From June 2022 until 25 February 2023, another order of the general inspector of IGI was given to transfer asylum seekers from one regional centre to another in order to hinder contact with smugglers. The transfer procedure was described by the director of Galati centre as follows:

The asylum seeker was transferred from the centre where the asylum claim was made in a maximum three days; in the next centre the preliminary interview was conducted within another three days; in seven days from the arrival in the second centre, the asylum seeker was transferred to a third centre where the personal interview was conducted. After a maximum of seven days the person was again transferred to a fourth centre where the decision was communicated. If the decision was not issued and communicated within seven days, the applicant was subject to another transfer. This chain of transfers stopped when an administrative decision was issued as the appeal was assessed by the Regional Court with jurisdiction in the locality where the regional centre was located.

CNRR reported that this measure was not entirely effective. From the practice encountered by the CNRR legal counsellors, due to this practice the asylum procedure tended to be more difficult, applicants were less cooperative because of the length of the asylum procedure. Moreover, the legal counsellor in Timişoara centre noticed that the human trafficking networks were still widespread, and the asylum seekers remained in contact with the smugglers, who were well aware of this chain of transfers.[6]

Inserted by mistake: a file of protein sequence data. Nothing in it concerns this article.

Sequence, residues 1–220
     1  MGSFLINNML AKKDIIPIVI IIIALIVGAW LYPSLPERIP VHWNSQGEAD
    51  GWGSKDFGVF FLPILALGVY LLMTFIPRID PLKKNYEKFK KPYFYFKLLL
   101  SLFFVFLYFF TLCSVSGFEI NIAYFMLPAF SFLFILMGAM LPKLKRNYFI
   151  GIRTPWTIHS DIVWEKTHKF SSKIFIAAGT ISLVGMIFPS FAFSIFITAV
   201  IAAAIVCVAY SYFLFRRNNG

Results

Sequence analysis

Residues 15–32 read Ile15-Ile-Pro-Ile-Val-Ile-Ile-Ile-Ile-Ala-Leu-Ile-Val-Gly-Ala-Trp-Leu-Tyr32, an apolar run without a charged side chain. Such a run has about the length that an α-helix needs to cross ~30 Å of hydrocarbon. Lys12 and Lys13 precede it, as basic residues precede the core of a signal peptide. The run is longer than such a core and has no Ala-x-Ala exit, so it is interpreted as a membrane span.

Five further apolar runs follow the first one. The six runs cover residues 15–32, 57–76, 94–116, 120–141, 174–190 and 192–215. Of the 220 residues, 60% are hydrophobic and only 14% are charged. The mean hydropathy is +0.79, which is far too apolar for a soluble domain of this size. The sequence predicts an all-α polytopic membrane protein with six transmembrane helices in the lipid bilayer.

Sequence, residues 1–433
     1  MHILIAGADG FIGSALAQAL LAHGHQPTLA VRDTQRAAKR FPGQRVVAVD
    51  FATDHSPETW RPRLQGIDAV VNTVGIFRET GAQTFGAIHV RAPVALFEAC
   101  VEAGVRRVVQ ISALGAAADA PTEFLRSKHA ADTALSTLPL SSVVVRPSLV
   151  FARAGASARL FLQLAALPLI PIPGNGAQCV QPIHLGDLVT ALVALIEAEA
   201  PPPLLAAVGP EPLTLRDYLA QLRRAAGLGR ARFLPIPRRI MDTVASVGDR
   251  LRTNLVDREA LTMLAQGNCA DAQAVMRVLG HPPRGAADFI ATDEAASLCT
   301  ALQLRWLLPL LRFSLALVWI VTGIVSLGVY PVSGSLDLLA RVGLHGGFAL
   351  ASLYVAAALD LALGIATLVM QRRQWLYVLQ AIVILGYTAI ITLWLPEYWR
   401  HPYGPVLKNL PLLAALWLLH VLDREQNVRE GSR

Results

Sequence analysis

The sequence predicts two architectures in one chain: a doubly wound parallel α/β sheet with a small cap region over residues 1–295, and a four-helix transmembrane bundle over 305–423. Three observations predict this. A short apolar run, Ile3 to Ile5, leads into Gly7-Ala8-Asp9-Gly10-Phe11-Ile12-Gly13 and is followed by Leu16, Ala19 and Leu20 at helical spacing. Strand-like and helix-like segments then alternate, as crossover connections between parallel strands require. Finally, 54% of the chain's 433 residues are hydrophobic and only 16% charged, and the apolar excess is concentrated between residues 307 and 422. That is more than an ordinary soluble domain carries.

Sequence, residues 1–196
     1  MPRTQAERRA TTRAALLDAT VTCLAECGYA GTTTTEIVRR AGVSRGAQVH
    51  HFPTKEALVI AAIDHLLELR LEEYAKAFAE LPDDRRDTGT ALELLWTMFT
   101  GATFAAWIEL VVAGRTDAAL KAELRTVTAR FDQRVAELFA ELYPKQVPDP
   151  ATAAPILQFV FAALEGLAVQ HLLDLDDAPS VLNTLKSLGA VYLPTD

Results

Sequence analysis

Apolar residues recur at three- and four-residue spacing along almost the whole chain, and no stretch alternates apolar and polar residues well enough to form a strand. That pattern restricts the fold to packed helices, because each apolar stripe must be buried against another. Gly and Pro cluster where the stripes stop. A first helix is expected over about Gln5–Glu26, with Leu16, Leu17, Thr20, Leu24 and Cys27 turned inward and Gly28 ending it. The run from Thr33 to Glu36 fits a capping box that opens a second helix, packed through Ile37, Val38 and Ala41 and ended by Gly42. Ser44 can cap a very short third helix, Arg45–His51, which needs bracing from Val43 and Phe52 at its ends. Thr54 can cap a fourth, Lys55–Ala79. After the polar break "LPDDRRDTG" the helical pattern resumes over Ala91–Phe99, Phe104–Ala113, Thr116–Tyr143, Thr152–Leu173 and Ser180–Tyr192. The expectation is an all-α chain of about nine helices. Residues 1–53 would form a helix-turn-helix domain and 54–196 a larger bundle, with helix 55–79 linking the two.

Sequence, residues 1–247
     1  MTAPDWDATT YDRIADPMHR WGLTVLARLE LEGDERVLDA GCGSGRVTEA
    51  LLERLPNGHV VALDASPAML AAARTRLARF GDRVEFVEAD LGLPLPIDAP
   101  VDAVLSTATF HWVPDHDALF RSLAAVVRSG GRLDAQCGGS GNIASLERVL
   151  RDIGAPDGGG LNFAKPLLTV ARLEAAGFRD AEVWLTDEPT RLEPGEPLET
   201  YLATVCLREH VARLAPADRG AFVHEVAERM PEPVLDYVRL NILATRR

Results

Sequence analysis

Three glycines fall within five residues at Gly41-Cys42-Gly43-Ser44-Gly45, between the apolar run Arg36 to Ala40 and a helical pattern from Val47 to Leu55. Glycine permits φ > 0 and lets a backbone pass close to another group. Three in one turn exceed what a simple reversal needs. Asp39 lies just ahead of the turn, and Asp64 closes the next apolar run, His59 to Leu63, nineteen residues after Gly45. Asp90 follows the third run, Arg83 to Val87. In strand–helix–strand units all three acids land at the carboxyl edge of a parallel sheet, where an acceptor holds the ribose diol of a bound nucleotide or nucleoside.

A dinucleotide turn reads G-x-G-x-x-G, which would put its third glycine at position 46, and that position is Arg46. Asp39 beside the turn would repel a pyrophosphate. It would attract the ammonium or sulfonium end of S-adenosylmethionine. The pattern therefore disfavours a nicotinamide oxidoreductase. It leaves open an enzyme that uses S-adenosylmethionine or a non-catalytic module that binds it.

The director of Galati centre also mentioned that this measure entailed a lot of human and financial resources.

While the capacity of Tudor Gociu centre is 96 places, during 2022 the capacity was reduced to 25 and even to 10 places by order of the general inspector. When this occurred, asylum seekers were transferred to Giurgiu centre. According to CNRR, the asylum seekers returned and remained in Bucharest. The asylum seekers declared that they wanted to stay in Bucharest as they were already integrated there and it would be difficult for them to find a job and housing in Giurgiu. They lived in private accommodation or with friends from their community. They were afforded material assistance from Giurgiu centre.[7]

The ITPF Timişoara representatives reported that to discourage Timişoara being an intermediary stop, the Border Police jointly with IGI and the Jandarmerie conducted raids twice a day at the usual meeting places of migrants.




[1]  Article 19(g) Asylum Act.

[2] Article 7 Asylum Decree.

[3]  Article 19(g) Asylum Act.

[4] Information provided by IGI-DAI, 10 March 2022.

[5] Information provided by IGI-DAI, 20 February 2020.

[6] Information provided by CNRR, 7 February 2023.

[7]  Information provided by CNRR, 8 March 2023.

Table of contents

  • Statistics
  • Overview of the legal framework
  • Overview of the main changes since the previous report update
  • Asylum Procedure
  • Reception Conditions
  • Detention of Asylum Seekers
  • Content of International Protection
  • ANNEX I – Transposition of the CEAS in national legislation